Your face gives the world its first impression of you, so it's no wonder that facial wrinkles, sagging skin and other signs of aging may send you seeking magic potions, lotions, injections or surgery to halt the march of time. Another alternative to those remedies is exercising facial muscles to tighten and firm them just as body exercise works on other body parts. Not everyone agrees, however, on whether such exercises actually work or whether they could even do harm.
You Can't Fight Gravity
Aging and the pull of gravity inevitably lead to wrinkles and sagging skin. Intrinsic, or internal, aging is the natural genetic process that begins in the mid-20s with the slowdown in production of collagen and elastin, reducing the skin’s ability to snap back after movement. Extrinsic, or external, factors include smoking, too much sun exposure, repetitive facial expressions like smiling and frowning, poor nutrition, weight gain or loss, and even favorite sleeping positions that combine with aging to engrave faces with wrinkles and sags.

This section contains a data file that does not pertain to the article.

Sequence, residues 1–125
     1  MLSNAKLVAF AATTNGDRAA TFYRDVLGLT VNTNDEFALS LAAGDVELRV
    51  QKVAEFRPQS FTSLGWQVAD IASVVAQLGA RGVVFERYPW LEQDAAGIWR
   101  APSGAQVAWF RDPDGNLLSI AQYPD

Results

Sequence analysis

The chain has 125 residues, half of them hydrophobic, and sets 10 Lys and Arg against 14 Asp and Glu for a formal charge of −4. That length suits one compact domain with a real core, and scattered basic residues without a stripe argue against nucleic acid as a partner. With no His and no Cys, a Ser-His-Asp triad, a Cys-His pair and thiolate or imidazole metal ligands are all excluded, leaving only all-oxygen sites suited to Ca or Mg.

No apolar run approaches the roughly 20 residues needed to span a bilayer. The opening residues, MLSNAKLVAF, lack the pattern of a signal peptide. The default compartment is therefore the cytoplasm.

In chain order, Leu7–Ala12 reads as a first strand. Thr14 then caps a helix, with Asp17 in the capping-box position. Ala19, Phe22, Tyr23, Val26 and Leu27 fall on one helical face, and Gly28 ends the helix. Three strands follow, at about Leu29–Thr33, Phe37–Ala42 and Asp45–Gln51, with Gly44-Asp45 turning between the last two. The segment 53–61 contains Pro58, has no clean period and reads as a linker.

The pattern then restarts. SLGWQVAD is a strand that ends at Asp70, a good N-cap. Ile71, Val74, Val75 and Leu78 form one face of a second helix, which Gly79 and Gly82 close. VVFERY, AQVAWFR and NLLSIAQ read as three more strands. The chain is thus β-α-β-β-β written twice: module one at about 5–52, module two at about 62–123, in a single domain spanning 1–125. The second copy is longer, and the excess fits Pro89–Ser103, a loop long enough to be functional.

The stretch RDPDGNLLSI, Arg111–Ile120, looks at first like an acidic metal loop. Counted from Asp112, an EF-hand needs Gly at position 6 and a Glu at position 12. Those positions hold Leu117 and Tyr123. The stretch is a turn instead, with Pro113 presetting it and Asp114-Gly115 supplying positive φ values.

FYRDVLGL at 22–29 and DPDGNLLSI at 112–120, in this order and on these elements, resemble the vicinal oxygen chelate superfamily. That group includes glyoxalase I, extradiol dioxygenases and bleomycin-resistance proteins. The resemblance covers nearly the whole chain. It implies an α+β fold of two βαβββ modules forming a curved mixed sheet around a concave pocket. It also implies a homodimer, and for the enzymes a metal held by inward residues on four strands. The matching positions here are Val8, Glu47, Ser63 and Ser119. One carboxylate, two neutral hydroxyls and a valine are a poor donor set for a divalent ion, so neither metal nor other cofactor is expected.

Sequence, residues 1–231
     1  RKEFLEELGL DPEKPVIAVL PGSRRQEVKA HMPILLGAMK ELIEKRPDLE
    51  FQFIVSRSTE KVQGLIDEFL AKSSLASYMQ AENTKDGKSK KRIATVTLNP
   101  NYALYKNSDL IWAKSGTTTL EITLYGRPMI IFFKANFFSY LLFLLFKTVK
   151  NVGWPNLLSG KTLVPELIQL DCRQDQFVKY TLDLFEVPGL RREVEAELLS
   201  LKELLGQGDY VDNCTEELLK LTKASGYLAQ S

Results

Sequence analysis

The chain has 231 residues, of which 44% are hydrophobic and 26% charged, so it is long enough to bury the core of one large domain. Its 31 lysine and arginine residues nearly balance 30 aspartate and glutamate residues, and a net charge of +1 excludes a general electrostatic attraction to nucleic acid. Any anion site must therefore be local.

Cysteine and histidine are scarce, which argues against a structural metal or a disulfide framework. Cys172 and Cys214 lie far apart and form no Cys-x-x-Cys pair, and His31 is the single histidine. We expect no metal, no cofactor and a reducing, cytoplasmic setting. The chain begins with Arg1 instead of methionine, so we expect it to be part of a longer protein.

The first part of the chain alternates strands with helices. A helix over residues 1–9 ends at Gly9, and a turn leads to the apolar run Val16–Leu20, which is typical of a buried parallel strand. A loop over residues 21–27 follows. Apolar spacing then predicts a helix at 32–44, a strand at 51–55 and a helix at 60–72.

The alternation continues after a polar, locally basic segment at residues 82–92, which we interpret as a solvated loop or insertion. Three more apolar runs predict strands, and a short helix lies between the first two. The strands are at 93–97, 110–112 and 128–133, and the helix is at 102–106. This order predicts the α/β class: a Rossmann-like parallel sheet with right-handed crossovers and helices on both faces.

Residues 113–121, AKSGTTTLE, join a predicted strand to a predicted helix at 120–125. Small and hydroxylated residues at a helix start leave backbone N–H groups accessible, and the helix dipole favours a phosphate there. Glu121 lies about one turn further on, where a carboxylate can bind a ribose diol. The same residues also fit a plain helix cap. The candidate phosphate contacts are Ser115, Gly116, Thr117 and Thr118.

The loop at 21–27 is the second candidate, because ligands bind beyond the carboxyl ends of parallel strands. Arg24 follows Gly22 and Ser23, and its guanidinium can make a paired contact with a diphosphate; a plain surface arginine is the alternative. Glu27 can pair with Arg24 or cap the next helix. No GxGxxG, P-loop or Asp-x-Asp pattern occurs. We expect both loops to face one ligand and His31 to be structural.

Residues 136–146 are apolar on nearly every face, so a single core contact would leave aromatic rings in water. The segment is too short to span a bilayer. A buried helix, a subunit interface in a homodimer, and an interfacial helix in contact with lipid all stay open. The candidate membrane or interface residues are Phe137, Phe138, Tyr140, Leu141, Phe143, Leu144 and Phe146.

Or Can You?
Supporters of facial exercises claim that the muscles in your face need exercise just like all the other muscles in your body. Dr. Joseph Mercola, an osteopathic physician, suggests that regularly exercising facial muscles will help keep them firm and will increase circulation and blood flow throughout the face. Some yoga practitioners are expanding their exercise routines to include facial movements. The Internet offers numerous instructional videos, while books and kits proliferate promoting exercise instructions and equipment for facial toning. One product seller claims that users can look up to 10 years younger after doing the exercises for a few months. Another vendor claims that her exercises can improve the neckline, lip line and eye puffiness.
You Might Make It Worse
Dr. Francis Papay, Dermatology and Plastic Surgery Institute Chair of the Cleveland Clinic, is one of the nay-sayers who point out that no studies have been conducted that prove there are any benefits to facial exercises as far as improving appearance and fighting signs of aging. The use of facial muscles to smile and frown leads to the formation of wrinkles, so deliberately exercising those muscles could make the problem worse, the critics say.
Try at Your Own Risk
If you are undecided about whether to try a facial exercise program, check with your doctor or dermatologist for an opinion or recommendations. If you decide to start a facial exercise program, take a “before” photo of yourself. Always perform the movements in front of a mirror to be sure you are doing them correctly. If the movement seems to be deepening a fold or wrinkle, eliminate it. After a month or two, take an “after” photo to see if there is any change or improvement.